10,000 Iranian workers sign secret anti-government petition
Manifesto handed to labour minister decries 'staggering' inflation as currency plunges further and sanctions bite
THE IRANIAN economy, buffeted by sanctions and a currency whose value is disintegrating on the foreign exchanges on an hourly basis, is in such a parlous state that a secret petition signed by some 10,000 people decrying the worsening situation has been delivered to the country's labour minister Abdolreza Sheikholeslami.
"A staggering increase in prices has been biting over the past year as wages of workers have only increased 13 per cent," reads the petition. It continues: "Millions of workers cannot afford their monthly housing costs."
Activists in Iran alerted the Associated Press to the petition, reports Israeli newspaper Haaretz, and the news agency was briefed about how signatures to it had been secretly gathered at factories and workplaces across the country. Signatories include miners, farmers, textile workers, bus drivers and labourers.
Unrest in the Islamic state over economic instability has increased in recent months, with demonstrations against unpaid salaries taking place in the capital Tehran outside the industrial ministry in August. Sanctions against Iran's nuclear programme are beginning to bite, which means things are set to get even worse.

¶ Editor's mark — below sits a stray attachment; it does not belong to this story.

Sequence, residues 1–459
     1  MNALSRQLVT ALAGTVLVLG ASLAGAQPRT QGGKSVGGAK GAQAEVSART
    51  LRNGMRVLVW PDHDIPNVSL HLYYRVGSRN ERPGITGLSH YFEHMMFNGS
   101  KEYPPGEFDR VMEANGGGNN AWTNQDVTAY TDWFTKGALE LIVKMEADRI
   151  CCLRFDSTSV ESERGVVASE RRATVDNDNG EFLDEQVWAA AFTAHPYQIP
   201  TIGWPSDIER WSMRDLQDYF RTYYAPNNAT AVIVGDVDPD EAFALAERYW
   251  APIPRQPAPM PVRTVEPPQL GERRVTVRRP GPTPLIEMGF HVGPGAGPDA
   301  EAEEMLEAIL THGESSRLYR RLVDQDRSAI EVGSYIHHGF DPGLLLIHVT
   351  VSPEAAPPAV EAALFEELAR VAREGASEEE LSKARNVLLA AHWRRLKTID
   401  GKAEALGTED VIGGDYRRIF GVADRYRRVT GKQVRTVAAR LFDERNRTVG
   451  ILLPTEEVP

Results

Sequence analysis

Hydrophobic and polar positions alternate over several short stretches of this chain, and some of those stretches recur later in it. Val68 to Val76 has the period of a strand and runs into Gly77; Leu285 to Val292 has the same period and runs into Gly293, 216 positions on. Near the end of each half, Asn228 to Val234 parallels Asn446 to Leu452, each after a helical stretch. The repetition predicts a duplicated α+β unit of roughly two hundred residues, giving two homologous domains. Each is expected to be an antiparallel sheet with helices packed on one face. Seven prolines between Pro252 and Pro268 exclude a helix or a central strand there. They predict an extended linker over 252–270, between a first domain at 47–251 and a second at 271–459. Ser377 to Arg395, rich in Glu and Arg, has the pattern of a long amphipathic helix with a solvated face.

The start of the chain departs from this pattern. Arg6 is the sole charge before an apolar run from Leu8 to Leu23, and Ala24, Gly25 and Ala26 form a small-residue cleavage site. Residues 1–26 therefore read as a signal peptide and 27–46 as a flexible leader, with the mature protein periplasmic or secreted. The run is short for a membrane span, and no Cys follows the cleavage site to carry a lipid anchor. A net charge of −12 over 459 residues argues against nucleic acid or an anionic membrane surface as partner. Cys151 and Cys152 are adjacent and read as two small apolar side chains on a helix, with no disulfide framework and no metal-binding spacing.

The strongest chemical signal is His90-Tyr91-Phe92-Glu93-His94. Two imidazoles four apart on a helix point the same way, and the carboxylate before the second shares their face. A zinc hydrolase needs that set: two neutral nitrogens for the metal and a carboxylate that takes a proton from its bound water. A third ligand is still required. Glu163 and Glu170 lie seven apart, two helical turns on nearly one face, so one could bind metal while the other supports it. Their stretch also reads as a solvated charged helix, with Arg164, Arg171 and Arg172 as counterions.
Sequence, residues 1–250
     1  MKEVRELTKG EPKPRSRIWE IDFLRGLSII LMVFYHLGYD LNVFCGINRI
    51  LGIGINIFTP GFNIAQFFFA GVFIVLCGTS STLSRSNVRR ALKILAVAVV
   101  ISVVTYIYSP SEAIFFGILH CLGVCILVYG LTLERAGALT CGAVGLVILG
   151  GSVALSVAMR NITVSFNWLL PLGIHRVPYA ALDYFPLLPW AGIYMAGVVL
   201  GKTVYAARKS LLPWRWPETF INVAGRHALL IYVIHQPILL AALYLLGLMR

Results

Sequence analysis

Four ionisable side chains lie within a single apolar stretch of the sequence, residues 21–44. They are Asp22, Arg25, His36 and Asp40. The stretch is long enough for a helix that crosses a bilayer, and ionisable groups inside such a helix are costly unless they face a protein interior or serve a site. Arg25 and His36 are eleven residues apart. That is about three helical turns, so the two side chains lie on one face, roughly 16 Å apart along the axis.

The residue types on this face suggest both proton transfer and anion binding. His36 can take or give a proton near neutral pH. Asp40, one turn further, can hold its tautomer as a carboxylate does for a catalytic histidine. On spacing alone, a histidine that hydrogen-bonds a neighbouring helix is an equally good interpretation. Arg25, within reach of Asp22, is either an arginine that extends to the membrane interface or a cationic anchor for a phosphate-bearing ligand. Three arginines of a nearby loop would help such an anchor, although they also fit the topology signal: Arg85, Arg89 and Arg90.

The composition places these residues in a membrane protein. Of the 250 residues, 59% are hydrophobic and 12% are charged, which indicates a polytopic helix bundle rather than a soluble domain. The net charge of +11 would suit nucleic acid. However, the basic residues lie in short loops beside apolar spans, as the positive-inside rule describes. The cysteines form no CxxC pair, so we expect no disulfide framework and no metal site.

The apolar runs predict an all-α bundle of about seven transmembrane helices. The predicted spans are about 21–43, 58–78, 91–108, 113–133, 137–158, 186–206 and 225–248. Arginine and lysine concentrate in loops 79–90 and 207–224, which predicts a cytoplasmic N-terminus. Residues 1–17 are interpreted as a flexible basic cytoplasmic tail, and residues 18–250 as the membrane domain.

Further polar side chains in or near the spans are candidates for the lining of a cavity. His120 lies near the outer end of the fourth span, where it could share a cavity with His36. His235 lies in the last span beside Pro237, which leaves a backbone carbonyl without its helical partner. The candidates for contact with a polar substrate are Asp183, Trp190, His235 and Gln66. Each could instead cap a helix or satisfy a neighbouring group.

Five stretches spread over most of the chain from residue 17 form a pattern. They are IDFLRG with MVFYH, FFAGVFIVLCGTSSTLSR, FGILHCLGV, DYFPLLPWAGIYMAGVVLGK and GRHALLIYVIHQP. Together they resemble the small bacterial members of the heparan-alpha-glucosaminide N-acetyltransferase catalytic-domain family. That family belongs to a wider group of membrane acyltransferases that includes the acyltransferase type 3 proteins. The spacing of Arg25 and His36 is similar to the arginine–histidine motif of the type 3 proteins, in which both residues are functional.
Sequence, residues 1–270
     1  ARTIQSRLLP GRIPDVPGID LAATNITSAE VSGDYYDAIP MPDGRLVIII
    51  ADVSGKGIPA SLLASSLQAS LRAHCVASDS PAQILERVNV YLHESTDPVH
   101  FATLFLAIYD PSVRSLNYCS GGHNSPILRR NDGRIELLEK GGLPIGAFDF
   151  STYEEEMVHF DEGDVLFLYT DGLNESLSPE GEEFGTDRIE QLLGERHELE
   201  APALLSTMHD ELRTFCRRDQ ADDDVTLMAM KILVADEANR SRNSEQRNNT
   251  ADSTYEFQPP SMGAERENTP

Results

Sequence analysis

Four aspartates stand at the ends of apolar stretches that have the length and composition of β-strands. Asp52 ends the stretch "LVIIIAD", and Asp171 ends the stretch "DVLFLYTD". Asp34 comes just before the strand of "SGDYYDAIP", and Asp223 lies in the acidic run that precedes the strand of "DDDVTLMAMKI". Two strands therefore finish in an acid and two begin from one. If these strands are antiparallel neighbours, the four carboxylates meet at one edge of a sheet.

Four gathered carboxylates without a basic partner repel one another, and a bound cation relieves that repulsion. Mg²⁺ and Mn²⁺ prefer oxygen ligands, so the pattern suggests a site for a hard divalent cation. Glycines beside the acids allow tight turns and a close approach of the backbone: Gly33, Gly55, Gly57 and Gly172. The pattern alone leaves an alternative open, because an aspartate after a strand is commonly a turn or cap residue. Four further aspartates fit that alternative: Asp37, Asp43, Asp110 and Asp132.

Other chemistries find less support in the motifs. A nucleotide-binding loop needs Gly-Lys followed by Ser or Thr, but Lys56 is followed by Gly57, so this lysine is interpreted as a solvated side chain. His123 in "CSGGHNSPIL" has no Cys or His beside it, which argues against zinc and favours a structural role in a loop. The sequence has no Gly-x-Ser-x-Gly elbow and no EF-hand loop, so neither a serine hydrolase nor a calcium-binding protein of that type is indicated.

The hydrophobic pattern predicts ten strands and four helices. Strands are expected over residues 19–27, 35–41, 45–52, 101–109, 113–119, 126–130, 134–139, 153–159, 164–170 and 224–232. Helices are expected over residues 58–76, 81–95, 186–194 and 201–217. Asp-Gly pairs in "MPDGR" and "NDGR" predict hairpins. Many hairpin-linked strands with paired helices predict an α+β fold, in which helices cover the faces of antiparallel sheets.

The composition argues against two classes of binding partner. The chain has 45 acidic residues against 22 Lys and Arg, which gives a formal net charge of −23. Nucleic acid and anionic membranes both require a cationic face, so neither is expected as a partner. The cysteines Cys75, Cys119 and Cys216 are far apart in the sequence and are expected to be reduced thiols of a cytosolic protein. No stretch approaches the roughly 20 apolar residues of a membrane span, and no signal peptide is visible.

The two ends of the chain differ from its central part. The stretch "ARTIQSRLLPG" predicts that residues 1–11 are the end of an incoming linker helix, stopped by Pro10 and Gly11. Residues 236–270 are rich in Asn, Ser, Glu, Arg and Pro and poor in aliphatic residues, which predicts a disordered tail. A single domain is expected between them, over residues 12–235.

According to Haaretz, the petition shows the growing anger of the country's "vast and potentially powerful working class" - a group which proved pivotal in backing the 1979 Islamic revolution and in subduing the widespread protests in 2009 which greeted Mahmoud Ahmadinejad's re-election as president.
Signs of this group's disapproval will increase tensions in the ruling elite, which is already grappling with a currency which saw its value drop by 17 per cent in value in trading on Monday, and which has lost two-thirds of its value since June 2011, according to the Voice of America.
As The Week reported yesterday, this has led to rampant inflation on goods imported into the country.
Iran's unravelling economy seems to have quelled the drumbeats of war which had previously accompanied Israel's escalating rhetoric about the Islamic state's nuclear programme. Foreign minister Avigdor Lieberman and his Israeli cabinet colleague Yuval Steinitz have talked up the possibility of Iran's economic demise.
However, Hassan Hakimian of the London Middle East Institute is less convinced, telling The Guardian: "Talk of collapse as the Israeli minister of finance has recently mentioned is inaccurate and emotive.
"The enormous difficulties experienced could in the worst-case scenario result in a freefall for the currency (like in Zimbabwe) and result in hyperinflation (again as in Zimbabwe). Even unpopular governments in such harsh situations survive."
Hakimian points out that in such times it is the people of such countries who experience the sharp end of economic hardship - a reality which the secret petition perfectly encapsulates.